3. Trump supporters are not Trump, so don’t treat them like they’ve done something wrong — they haven’t. They’re decent people who don’t recognize Trump’s character for what it is, and don’t see the danger. Maybe they haven’t had enough personal experience with narcissistic sociopaths in their lives, and so don’t realize that there really is such a thing as a person with no fundamental goodness at bottom (that kind of direct knowledge is not something I would wish on anyone, but it looks like we’re all going to get it now whether we like it or not).

    I’ve said before, and continue to believe, that we need not just a wealth redistribution but a dignity redistribution in this country. People voted for Trump because they thought he might bring that. He won’t, but it’s understandable that people are looking for it. Clinton never seemed to really understood the roots of that need, and it’s not surprising that so many voters turned away from her and toward a charlatan who was willing to surround himself with a reality distortion field and say anything at all to get elected.

Those principles apply to one’s public actions and statements, of course. Private communications are a different matter. We have every reason to be more worried now than we were before (and before wasn’t all that great either). If you do any political organizing, or even if you don’t, you should install Signal on your phone, and encourage those you communicate with to do the same. If Donald Trump gets eight years in office, he’ll have the chance to shape not just the executive branch but a lot of the judicial branch as well, just through natural turnover. By making private communications the norm, you not only protect your own privacy, you help normalize the practice of privacy so that others who do the same don’t stand out so much.

I had this conversation (via Signal) with a friend recently, whom I thought was so clear and eloquent that I asked for permission to just quote it. Here it is, lightly edited:

Me:

I’m thinking hard about what to do, talking with friends in Chicago about next steps… Even the re-election of George W. Bush didn’t feel like an existential shift the way this does. NORMAL PEOPLE NEED MORE EXPERIENCE WITH SOCIOPATHS SO THEY CAN RECOGNIZE THEM. It’s so depressing. His supporters have no clue; even most of his opponents don’t really get it. They keep thinking they’ll appeal to his “decency”. F*ck. How can we communicate to people what’s really going on here?

Friend:

Yes, it seems like we had some tipping point and everything feels at stake to me.

I’m really hoping that when he runs this country into the ground his followers don’t double down on loyalty, but there’s a model for that very thing happening. The book “When Prophesy Fails” refers to this.

This situation we’re in — a dangerous leader who doesn’t hesitate to appeal to racism and misogyny, single party government, eroding infrastructure, manipulated electorate — it’s a knot with a lot of threads and it’s going to take a lot of us, working on even just one thread each, to untangle it.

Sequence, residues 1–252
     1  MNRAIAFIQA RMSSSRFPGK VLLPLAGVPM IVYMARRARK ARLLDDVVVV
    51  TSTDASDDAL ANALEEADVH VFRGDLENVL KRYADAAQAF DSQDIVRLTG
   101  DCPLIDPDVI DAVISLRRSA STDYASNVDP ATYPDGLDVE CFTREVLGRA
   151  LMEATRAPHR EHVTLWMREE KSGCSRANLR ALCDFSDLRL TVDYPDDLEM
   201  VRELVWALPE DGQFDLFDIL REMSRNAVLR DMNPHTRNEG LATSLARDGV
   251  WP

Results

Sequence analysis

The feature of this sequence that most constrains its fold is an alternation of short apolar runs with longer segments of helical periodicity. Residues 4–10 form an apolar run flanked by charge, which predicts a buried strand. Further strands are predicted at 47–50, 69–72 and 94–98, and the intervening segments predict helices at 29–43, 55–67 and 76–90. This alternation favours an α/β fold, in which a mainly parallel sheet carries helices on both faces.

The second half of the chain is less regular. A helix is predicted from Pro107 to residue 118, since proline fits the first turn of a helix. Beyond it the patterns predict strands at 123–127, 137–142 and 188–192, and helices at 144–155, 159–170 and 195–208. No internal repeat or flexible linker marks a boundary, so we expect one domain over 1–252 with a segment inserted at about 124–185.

There will certainly be people, especially young people, who will need to know how to recognize a wolf, and that kind of education will be necessary. And that can come in a lot of forms, appropriate to the learner, from fairy tales to pop culture blog posts to academic classes.

As for the manipulated electorate who are adults, I actually don’t think the best goal is to try to get them from where they are now to “oh he’s a sociopath.” Most adults are not able to make this leap.

So I think for the manipulated electorate, the answer is to approach them via a single issue that you can earnestly and humbly talk with them about. When Trump doesn’t deliver on jobs, talk to them about unions, et cetera.

Me:

“all of the above”. I think some people will be open to understanding what Trump really is, others won’t. The methods are not mutually exclusive, anyway.

Friend:

Give them one line of change, one way that they can begin to take ownership of differing from Trump, in a way that feels to them like it came from them.

That one line of difference can maybe ignite parallel currents with acknowledging other ways Trump did a bait and switch, and all together, eventually, it may form into the gestalt of “wolf.”

“Stronger Together”. I never expected Hillary Clinton’s campaign slogan to take on such a deeper meaning, but, unfortunately, it has.

Quick reaction post — I haven’t edited this much, just jotted it down and put it out there:

It looks like a lot of voters apparently didn’t see Trump the same way I do. This post is not for them. It’s for the folks who voted against Trump and are disappointed now. It’s also partly a followup to this post by my friend Laura.

First: we’re in new territory. Has there ever been a time when a functioning democracy, with reasonably healthy institutions, voluntarily elected a completely non-establishment populist strongman/demagogue in a normal election, with the usual ballot privacy protections and everything? Without those institutions having been hollowed out first? This situation might be genuinely unprecedented. Which is good news: the worst historical comparisons really don’t apply here. I’ve heard some people making comparisons to Germany in the early 1930s. That’s misplaced, and unfair to Trump supporters. Trump is not that kind of ideologue; he’s just a talented narcissist who correctly read a mood that more experienced politicians missed. The situation has some resemblance to Berlusconi in Italy in the 1990s, but even that is not a perfect fit.